Certificate Replacement on vCenter

I use a Let’s Encrypt certificate on my VCSA. It validates and give me a pretty padlock in my address bar. Generally I use a wildcard cert for all my services but vCenter wont take that. So I have a “regular” server certificate for vCenter. As with all Let’s Encrypt certificates it expires regularly. This is pretty annoying when the certificate expires and then vCenter becomes inaccessible. I could update the certificate through the HTML 5 client but that would require I remembered it was expiring. So of course what to do but script the replacement. With the new rest APIs available in vCenter 7 this becomes much easier than the old hack the cli utility to do it for you way. The documentation for the API around certificate management is located here: https://developer.vmware.com/docs/vsphere-automation/latest/vcenter/certificate_management/. They appear to be relatively straight forward. But as with most things that not the case.

Trusted Roots

In order to install a third party certificate you must first import the certificate chain of the root certificate. For Let’s Encrypt there are two certificates required. They are located on this page: https://letsencrypt.org/certificates/. As of this writing the direct links to the the PEM files are: https://letsencrypt.org/certs/isrgrootx1.pem and https://letsencrypt.org/certs/lets-encrypt-r3.pem. If you were to import these in the H5 client you can just save them and import them. For the API it is of course not that easy. The documentation is here: https://developer.vmware.com/docs/vsphere-automation/latest/vcenter/api/vcenter/certificate-management/vcenter/trusted-root-chains/post/. You will need to get a session ID first for any vCenter API call. The documentation for that is here: https://developer.vmware.com/docs/vsphere-automation/latest/cis/api/session/post/. For the trusted root call the body according to the docs looks like this:

{
    "cert_chain": {
        "cert_chain": [
            "string"
        ]
    }
}

Since Let’s Encrypt has two certificates in the chain this request looks more like this:

{
    "cert_chain": {
        "cert_chain": [
            "string",
            "string"      
        ]
    }
}

"string" gets replaced by the certificate data. Unfortunately you can’t just put the the file data we downloaded earlier into that field without doing some modification. All of the “\r\n”s need to be replaced with a literal “\n”. This is a little hard to do on the CLI. Python would solve this problem quickly but since I started my script in bash I kept going. Thanks to Stack Overflow I got a quick answer: https://stackoverflow.com/questions/38672680/replace-newlines-with-literal-n/38674872.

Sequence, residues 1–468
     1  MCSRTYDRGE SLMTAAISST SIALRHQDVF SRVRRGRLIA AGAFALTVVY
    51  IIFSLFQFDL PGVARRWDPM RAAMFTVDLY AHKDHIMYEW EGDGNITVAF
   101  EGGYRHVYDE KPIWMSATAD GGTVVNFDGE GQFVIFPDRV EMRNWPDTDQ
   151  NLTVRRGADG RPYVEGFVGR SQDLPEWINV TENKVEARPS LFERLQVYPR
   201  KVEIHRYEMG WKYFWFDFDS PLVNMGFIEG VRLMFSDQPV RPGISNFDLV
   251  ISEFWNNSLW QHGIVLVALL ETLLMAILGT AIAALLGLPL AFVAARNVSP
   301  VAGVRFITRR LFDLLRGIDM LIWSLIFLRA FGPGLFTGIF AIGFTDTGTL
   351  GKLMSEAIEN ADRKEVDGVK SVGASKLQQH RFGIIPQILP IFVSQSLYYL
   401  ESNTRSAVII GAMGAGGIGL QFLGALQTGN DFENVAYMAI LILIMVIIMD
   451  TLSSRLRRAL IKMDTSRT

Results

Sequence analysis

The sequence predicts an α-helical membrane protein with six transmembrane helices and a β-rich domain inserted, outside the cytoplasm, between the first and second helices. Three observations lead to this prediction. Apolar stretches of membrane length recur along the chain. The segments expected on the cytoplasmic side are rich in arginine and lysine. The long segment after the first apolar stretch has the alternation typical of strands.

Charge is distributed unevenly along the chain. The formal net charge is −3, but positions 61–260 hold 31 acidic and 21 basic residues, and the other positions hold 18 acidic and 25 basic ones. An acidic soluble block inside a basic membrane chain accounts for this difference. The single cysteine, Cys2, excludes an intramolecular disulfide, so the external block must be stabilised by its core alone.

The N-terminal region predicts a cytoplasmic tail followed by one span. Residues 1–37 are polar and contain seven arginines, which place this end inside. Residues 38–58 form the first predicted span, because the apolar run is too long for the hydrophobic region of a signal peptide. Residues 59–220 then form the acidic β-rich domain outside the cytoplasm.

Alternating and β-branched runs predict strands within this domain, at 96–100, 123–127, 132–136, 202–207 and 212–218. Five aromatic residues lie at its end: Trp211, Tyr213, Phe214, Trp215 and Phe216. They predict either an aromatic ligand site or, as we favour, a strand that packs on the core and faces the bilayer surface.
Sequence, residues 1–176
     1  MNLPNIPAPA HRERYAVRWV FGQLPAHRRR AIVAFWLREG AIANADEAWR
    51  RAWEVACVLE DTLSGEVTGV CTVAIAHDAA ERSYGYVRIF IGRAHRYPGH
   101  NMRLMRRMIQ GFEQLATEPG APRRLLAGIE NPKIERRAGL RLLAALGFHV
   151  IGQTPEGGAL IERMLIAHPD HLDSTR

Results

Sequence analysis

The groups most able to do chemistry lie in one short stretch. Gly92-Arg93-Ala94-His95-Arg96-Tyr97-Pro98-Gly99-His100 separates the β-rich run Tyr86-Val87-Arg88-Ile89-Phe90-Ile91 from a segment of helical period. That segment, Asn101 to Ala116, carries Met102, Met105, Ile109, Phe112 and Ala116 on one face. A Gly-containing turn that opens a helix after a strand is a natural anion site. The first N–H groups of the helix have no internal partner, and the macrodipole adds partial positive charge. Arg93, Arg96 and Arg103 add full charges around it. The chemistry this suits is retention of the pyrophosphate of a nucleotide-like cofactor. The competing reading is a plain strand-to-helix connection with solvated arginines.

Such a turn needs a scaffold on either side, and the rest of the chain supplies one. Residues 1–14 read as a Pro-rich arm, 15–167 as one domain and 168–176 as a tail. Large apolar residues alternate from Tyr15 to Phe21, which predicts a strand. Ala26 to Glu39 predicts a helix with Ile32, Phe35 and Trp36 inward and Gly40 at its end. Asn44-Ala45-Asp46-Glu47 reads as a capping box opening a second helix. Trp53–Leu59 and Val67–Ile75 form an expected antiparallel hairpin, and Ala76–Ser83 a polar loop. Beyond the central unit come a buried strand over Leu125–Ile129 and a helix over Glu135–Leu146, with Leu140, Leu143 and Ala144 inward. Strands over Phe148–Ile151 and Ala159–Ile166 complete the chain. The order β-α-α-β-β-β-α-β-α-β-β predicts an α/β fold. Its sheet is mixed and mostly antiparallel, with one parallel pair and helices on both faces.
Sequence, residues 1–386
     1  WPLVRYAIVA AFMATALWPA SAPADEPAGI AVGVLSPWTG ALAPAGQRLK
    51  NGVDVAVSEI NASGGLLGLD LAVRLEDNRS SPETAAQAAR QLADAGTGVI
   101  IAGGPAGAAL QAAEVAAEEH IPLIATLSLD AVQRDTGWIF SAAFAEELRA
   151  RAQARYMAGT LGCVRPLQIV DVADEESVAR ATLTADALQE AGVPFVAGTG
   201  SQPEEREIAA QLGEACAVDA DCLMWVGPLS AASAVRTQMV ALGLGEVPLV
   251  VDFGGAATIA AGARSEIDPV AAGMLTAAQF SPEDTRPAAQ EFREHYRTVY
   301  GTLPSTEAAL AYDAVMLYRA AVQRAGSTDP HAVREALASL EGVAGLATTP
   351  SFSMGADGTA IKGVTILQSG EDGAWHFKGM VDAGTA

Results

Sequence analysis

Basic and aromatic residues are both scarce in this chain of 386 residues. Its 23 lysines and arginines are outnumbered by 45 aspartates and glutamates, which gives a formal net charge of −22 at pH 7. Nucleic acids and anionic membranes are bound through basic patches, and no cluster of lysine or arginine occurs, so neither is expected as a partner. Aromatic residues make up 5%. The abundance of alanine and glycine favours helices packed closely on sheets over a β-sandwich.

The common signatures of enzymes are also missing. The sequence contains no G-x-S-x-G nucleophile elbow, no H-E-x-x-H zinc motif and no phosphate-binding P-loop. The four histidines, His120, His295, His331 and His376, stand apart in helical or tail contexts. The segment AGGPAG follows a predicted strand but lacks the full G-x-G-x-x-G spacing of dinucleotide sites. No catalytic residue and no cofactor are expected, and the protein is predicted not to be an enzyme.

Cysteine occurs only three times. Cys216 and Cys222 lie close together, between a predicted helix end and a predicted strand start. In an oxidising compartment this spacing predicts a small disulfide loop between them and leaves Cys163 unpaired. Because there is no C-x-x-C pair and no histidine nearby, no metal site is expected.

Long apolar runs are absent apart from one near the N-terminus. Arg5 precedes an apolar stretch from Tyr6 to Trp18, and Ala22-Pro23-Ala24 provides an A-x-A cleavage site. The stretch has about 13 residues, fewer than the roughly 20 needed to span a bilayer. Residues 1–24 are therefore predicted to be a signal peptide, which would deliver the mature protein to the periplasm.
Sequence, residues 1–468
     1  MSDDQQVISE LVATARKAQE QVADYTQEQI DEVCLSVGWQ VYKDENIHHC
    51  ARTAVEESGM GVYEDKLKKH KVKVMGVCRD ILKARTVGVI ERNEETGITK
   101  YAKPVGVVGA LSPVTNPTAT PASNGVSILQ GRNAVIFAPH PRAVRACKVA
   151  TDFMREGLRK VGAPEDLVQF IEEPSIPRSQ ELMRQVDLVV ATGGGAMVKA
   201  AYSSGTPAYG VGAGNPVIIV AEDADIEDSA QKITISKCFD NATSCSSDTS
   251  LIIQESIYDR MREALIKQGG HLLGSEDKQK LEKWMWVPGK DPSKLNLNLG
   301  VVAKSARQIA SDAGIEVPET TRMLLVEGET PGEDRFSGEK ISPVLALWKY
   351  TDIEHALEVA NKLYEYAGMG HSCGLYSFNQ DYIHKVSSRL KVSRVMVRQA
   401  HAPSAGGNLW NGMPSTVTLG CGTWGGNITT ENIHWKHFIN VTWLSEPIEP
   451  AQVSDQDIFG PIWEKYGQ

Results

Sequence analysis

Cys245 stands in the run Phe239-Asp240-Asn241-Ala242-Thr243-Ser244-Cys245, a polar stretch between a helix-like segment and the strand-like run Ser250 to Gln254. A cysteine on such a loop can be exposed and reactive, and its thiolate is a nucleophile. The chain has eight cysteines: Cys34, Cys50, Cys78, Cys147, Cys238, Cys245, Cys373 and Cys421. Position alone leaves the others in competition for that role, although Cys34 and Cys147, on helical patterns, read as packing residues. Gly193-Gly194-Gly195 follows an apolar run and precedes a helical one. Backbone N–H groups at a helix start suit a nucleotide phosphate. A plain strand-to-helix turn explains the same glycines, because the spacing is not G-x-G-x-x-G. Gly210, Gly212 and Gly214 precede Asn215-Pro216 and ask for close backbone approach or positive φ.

sed -E ':a;N;$!ba;s/\r{0,1}\n/\\n/g'

The Script

The code is here if you want to jump straight to it: https://github.com/khensler/VMware_Scripts/blob/main/replace_vcenter_cert.sh

The first section are a couple of subs to generate the JSON format needed for the request. These formats come from the documentation and have variables created later to fill in the data.

gen_data(){
cat <<EOF
        {
                "cert" : "$CERTDATA",
                "key" : "$KEYDATA"
        }
EOF

}

gen_cert_chain(){
cat <<EOF
{"cert_chain":
        {
                "cert_chain": [
                        "$X1",
                        "$R3"
                        ]
        }
}
EOF
}

Next comes downloading the root certificates:

curl https://letsencrypt.org/certs/isrgrootx1.pem | \
     sed -E ':a;N;$!ba;s/\r{0,1}\n/\\n/g' > X1.pem
X1=`cat X1.pem`
echo $X1
curl https://letsencrypt.org/certs/lets-encrypt-r3.pem | \
     sed -E ':a;N;$!ba;s/\r{0,1}\n/\\n/g' > R3.pem
R3=`cat R3.pem`
echo $R3

Lots of ways to do this and I’m sure someone has a better way. This downloads and replaces all \r\n with literal “\n”s then saves the files and sets the variables for use in the subs above. Now the same for the vCenter certificates:

scp vcenter@<LB IP>:/conf/acme/vcenter.crt vcenter.crt
scp vcenter@<LB IP>:/conf/acme/vcenter.key vcenter.key

sed -i -E ':a;N;$!ba;s/\r{0,1}\n/\\n/g' vcenter.crt
sed -i -E ':a;N;$!ba;s/\r{0,1}\n/\\n/g' vcenter.key

CERTDATA=`cat vcenter.crt`
KEYDATA=`cat vcenter.key`

This pulls the vCenter certificate and private key from my router/firewall/load balancer. This is a pfSense box that runs the ACME package to create and renew certificates. After this you’ll need a session key:

skey=`curl --insecure -X POST https://<vcenter>/api/session \
     -H 'authorization: Basic <BASIC AUTH>'| tr -d \"`

Now generate the JSON files

echo "$(gen_cert_chain)" > X1.json
echo "$(gen_data)" > cert.json

Lastly POST/PUT the content to vCenter

curl --insecure -X POST https://<vcenter>/api/vcenter/certificate-management/vcenter/trusted-root-chains \
     -H "vmware-api-session-id: $skey" -H "Content-Type: application/json" -d @X1.json
curl --insecure -X PUT https://<vcenter>/api/vcenter/certificate-management/vcenter/tls \
     -H "vmware-api-session-id: $skey" -H "Content-Type: application/json" -d @cert.json

This posts the trusted root and then updates the TLS certificate. This still need some work for scheduling and checking to make sure the cert that gets installed is different than the last one but that’s for another post next time my certificate comes close to expiration.

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